If we opened the discussion about GAP and ways brands have tried to communicate with their communities during the pandemic, it’s worth mentioned also their user-generated content campaign, #gapfromhome.

A post example of the campaign conducted on Instagram - #gapfromhome

While trying to accommodate people into the new way of living, through this initiative, the brand also aimed at making people keep in touch with their regular habits as a reminder of the good old days.

But they also used this opportunity to position themselves as a companion into their consumer’s usual activities.

As much as we’d like to put it behind us, the pandemic surely has launched some challenges for all the marketers out there, and an analysis of how marketing in fashion has adapted to it may actually become a road opener for future dares.

With homestyle fashion gaining more and more ground, it’s interesting to keep an eye on it and see how it will develop furthermore, especially after all the craziness will be over.

Now let’s see how high-end fashion adapted to this situation.

Raise your hand if you heard about #GucciFest, a week-long fashion and film festival held in November 2020.

As a way of being close to its audience and give something back to the community, the famous Italian brand released a mini-series of seven episodes that featured the newest collection of the fashion house's creative director, and not only.

There was also a new challenge at the horizon for the haute couture brand, to change its long-term ritual of having seasonal collections and show two ageless collections a year instead.

By choosing this strategy, the brand extended its usual audience frame and made worldwide accessible a once upon a time exclusive event, the famous Fashion Week. How could you not love it, right?

And well, let’s not forget that if there’s a brand that totally knows how to win fan’s love, that’s certainly Nike.

During the COVID-19 crisis, it has shown huge support to the world, with the launch of its “Play inside, play for the world” campaign.

Nike's tweet from the campaign "Play inside.Play for the world".

Having a huge endorsement, with famous sports names like Cristiano Ronaldo sharing the message on social media as well, making this campaign a huge success.

But since Nike doesn’t play with half measures, the brand got all in and launched a variety of actions meant to support the community, like the mini-workout challenges series on Instagram.

Since we don’t wanna mess the surprise, we’ll let you discover more about Nike’s strategy during the pandemic later on.

3. Images make up for the most engaging posts

According to our recent Instagram engagement study, images best return savings when it comes to large profiles. And now we’re asking you, what’s your favorite kind of content delivered by fashion brands?

This chart represents the median number of saves on Instagram, divided by the account's size.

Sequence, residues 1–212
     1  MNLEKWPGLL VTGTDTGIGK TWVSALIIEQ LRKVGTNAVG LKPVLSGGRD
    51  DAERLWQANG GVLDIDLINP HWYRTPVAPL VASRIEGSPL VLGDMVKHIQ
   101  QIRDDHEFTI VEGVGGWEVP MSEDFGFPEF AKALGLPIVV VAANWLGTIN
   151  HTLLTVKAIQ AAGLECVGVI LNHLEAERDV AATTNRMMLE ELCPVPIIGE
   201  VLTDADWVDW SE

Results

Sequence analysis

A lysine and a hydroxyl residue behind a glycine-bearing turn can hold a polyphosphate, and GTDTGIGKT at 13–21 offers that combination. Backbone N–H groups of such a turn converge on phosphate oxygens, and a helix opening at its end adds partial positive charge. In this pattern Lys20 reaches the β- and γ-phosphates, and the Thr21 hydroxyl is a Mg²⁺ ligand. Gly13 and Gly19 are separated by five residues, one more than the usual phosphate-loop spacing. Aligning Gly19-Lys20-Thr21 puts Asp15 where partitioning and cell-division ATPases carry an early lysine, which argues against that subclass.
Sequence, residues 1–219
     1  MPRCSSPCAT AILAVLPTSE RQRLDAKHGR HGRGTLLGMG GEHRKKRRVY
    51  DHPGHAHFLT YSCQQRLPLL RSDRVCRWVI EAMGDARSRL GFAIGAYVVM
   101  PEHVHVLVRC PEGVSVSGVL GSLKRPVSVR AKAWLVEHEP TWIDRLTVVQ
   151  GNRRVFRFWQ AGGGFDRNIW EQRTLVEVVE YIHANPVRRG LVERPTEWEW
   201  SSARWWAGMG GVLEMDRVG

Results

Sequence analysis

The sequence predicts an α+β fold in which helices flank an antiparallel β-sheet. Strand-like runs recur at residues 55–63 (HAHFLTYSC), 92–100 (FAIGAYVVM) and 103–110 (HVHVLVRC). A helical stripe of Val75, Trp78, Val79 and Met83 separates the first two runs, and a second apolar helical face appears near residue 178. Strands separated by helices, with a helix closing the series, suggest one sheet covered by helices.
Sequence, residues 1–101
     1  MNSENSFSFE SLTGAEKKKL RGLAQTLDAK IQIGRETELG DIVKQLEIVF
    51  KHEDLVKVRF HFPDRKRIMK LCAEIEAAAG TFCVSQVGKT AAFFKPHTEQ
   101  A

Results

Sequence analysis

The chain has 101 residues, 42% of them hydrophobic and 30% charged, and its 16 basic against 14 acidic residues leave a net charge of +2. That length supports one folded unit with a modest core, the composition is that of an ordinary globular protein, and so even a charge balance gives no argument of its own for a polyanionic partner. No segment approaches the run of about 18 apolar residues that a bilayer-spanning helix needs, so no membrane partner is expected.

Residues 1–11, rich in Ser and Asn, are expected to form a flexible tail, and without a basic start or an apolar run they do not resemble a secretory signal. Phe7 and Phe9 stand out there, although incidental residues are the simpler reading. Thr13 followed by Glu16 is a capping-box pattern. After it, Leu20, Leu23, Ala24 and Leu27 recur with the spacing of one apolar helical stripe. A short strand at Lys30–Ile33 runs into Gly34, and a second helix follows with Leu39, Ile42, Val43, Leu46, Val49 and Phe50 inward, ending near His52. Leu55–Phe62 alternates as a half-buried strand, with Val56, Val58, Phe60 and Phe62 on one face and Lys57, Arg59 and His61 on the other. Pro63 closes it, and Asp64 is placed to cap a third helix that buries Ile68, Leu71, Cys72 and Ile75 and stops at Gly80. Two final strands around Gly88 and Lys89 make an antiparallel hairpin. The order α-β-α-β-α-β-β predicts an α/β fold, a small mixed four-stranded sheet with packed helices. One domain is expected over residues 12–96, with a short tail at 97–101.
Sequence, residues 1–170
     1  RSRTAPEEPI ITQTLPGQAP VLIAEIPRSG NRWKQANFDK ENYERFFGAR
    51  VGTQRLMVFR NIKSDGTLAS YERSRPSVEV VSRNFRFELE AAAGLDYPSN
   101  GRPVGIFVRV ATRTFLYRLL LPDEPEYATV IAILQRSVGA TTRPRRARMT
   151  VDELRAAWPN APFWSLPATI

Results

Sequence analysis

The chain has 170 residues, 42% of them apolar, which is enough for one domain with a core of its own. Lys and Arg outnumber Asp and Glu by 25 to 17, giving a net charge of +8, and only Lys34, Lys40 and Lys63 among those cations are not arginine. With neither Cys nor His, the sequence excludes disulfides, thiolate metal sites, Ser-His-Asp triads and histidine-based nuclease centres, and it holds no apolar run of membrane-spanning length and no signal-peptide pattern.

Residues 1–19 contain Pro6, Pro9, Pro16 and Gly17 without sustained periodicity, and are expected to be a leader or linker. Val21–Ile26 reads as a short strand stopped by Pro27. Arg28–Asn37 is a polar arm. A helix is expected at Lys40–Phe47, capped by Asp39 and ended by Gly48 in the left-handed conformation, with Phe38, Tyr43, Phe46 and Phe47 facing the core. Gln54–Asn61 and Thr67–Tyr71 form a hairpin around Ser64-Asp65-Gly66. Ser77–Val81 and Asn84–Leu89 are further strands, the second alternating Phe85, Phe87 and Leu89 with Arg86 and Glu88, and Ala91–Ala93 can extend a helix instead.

Our data shows 8 out of 9 best performing posts are images and applies to luxury fashion brands, as well sportswear and home style ones.

Which is pretty logical, if thinking, cuz’ you only need a glance at an outfit to absolutely love it - or not, and move on.

Or, if you have a more critical eye and a bit of time, to analyze the good and the bad.

So, in this case, a vivid and steady image is what users are most drawn to.

Example of images preferred to be used by brands from the fashion industry.

4. Luxury fashion is the most engaging segment on Facebook

We’ve seen how important Instagram is in the world of fashion, but what’s still worth remembering is that each segment has different kinds of audiences.

Let’s take high-end fashion, for example, which may have a more mature target than sportswear and homestyle brands.

And this is all due to the fact that people need time to make professional accomplishments that will assure them the financial resources needed to become clients of such exclusive brands.

This image presents the engagement level on Facebook of luxury brands from the fashion segment.

This sounds like a good explanation of why luxury fashion names rule on Facebook when it comes to engagement, giving the fact that this mother-platform has the most mature audience.

5. Brands from the sportswear segment have the highest engagement rate per post on Instagram

We’ve all seen the effects of the pandemic over the everyday lifestyle, and it gets even more obvious when it comes to our social media habits.

As sports apparel has tried over lockdowns to give some support to the community, with all kinds of initiatives, it’s no wonder why people are keener on engaging with sport-related brands.

Most of the time, individuals relate to the messages sent by sports brands because of their humanized approach, with their examples and stories being turned into life goals.

We’ve seen brands like Nike are loved for more than their pretty shoes, but much more for the inspiration given.

Therefore, with every social post sent out there, they send a new arrow of empowerment, a new opportunity of consolidating people’s self-trust.

Sportswear average engagement statistics based on Socialinsider analytics.

With a strategy that focuses on motivating their audience, there’s no wonder sportswear is the segment with the highest values when it comes to the average engagement per post.

Final thoughts

Marketing in the fashion industry ain’t easy since the clothing industry is a very competitive one.

But knowing how the digital landscape for this niche looks like will help you better understand your position in the market and help you orient your future actions.

Not to mention a couple of insights are always helpful, especially in those times of a crossroad, when creating or changing a social media strategy is badly needed.

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Elena Cucu

Elena Cucu

Content Writer @ Socialinsider

Mixing the words with the data is how a digital marketer should play the game of brands. And that’s me, a driven-born digital storyteller!